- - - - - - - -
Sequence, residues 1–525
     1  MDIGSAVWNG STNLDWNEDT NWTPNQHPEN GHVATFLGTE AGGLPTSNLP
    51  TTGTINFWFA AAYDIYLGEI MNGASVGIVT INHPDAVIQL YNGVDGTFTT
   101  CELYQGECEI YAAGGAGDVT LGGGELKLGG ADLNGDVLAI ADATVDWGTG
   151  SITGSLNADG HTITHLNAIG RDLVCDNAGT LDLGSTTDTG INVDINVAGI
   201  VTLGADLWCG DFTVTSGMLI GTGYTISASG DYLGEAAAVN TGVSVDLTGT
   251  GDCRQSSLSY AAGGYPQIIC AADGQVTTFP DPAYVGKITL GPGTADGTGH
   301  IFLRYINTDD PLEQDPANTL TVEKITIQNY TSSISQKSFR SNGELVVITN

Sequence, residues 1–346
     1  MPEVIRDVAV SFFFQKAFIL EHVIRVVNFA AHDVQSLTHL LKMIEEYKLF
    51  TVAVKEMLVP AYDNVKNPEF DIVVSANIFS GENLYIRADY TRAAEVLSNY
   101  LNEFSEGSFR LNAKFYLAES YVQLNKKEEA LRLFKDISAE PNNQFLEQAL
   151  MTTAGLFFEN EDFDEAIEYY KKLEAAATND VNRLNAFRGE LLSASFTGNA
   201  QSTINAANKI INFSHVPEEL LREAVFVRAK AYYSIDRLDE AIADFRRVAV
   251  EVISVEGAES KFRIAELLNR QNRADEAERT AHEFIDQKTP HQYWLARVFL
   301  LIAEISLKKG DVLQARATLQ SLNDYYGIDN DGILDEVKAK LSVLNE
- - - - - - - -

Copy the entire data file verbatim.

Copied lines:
Sequence, residues 1–525
     1  MDIGSAVWNG STNLDWNEDT NWTPNQHPEN GHVATFLGTE AGGLPTSNLP
    51  TTGTINFWFA AAYDIYLGEI MNGASVGIVT INHPDAVIQL YNGVDGTFTT
   101  CELYQGECEI YAAGGAGDVT LGGGELKLGG ADLNGDVLAI ADATVDWGTG
   151  SITGSLNADG HTITHLNAIG RDLVCDNAGT LDLGSTTDTG INVDINVAGI
   201  VTLGADLWCG DFTVTSGMLI GTGYTISASG DYLGEAAAVN TGVSVDLTGT
   251  GDCRQSSLSY AAGGYPQIIC AADGQVTTFP DPAYVGKITL GPGTADGTGH
   301  IFLRYINTDD PLEQDPANTL TVEKITIQNY TSSISQKSFR SNGELVVITN

Sequence, residues 1–346
     1  MPEVIRDVAV SFFFQKAFIL EHVIRVVNFA AHDVQSLTHL LKMIEEYKLF
    51  TVAVKEMLVP AYDNVKNPEF DIVVSANIFS GENLYIRADY TRAAEVLSNY
   101  LNEFSEGSFR LNAKFYLAES YVQLNKKEEA LRLFKDISAE PNNQFLEQAL
   151  MTTAGLFFEN EDFDEAIEYY KKLEAAATND VNRLNAFRGE LLSASFTGNA
   201  QSTINAANKI INFSHVPEEL LREAVFVRAK AYYSIDRLDE AIADFRRVAV
   251  EVISVEGAES KFRIAELLNR QNRADEAERT AHEFIDQKTP HQYWLARVFL
   301  LIAEISLKKG DVLQARATLQ SLNDYYGIDN DGILDEVKAK LSVLNE